BRENDA BLAGG: Bogged down
Lawmakers put hold on governor’s Buffalo River plan
by Brenda Blagg | Today at 1:00 a.m.
Legislative review and approval of a plan to spend $1 million from the governor's discretionary fund for grants within the Buffalo River watershed didn't happen quite as easily as expected.
State lawmakers on Friday held up Gov. Asa Hutchinson's request.
The governor announced last month he wanted to use money from his "rainy day" fund to match another $1 million in private funds promised from the Nature Conservancy and the Buffalo River Foundation.
The $2 million sum is supposed to go toward funding conservation and water-quality grants within the watershed of the Buffalo, the nation's first national river.
That's supposed to be a good thing, intended to help farmers with best practices to protect the river.
The river, or its protection, has been the subject of long-running debate among preservationists, recreational enthusiasts and those who live and farm nearby.
The state government is in the process now of buying out C&H Hog Farms, which secured the necessary permits during former Gov. Mike Beebe's administration for a concentrated swine feeding operation near the Buffalo.
The farm is at Mount Judea in Newton County. It is adjacent to Big Creek, which flows into the Buffalo just 6.6 miles away.
Hutchinson proposed the $6.2 million buyout earlier this year to resolve the years-long controversy over the hog farm.
The administration is also in the midst of considering a permanent ban on medium or large hog farms, as classified by the federal government, in the Buffalo's watershed.
The state has received comments from more than 400 people on the ban. That's just a hint of how intense this continuing controversy is. Most, but not all, of the comments the state received favor a ban of hog farms in the watershed.
Importantly, the contrary comments came from the Arkansas Farm Bureau and the Arkansas Pork Producers Association, defending the environmental record of pork producers and arguing against any ban.
Their comments are emblematic of concerns from within the agricultural community about how farmers will be impacted by the regulation.
It will be a while yet before the state can respond to all those comments, many of which are quite specific.
Eventually, the Arkansas Department of Energy and Environment, which drafted the proposed regulatory change, will have to submit it for legislative review.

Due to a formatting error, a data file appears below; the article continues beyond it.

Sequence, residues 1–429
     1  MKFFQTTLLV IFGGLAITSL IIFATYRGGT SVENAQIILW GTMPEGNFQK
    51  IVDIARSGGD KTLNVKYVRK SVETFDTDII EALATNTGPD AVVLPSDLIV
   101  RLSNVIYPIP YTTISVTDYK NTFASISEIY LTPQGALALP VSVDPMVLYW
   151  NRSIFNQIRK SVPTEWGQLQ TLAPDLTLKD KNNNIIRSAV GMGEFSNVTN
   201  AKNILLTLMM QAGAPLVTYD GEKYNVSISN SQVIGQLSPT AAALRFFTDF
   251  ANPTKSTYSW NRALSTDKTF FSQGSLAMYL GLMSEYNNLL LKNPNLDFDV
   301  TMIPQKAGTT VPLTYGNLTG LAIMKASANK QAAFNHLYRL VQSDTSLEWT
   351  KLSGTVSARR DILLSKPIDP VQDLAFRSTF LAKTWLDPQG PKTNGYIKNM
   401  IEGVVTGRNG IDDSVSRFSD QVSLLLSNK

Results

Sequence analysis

In the meantime, lawmakers are honed in on that request to spend those rainy day dollars in the Buffalo's watershed.
State Sen. Missy Irvin, R-Mountain View, asked the Legislative Council on Friday to withhold those funds from a newly created committee.
The Buffalo River Conservation Committee, named last month by Gov. Hutchinson, also a Republican, is to decide how the grant money will be spent. The panel is made up of the secretaries of the Departments of Agriculture; Health; Energy and Environment; and Parks, Heritage and Tourism (or their designees).
Sen. Irvin was upset the governor's office had not met with elected representatives from the watershed before announcing his plans. The way it happened, she said, was "incredibly disrespectful" of those who represent the impacted area. She also questioned just who might decide how the funds are used.
Others on the Legislative Council backed her up.
The governor suggested the Legislative Council's failure to approve the transfer of rainy day funds could jeopardize the private funds pledged to the grant program. He also said it would delay the availability of the grants to farmers.
Nevertheless, the initiative is at least temporarily stalled because the people most affected want to be represented.
Here's the bottom-line lesson in all of this: The protectors of the Buffalo River got burned years ago when decisions about permitting that huge, potentially polluting hog farm were being made without their knowledge or input.
Those people, many of whom are devout activists now, will never forget it and may never trust regulators again.
No matter how well-intentioned Hutchinson's plan may be to provide grants to help protect the Buffalo's watershed, the process must be totally transparent.
He needs the buy-in of those most affected, including their elected representatives, to calm the deeply rooted controversy that surrounds the Buffalo.
Commentary on 10/23/2019
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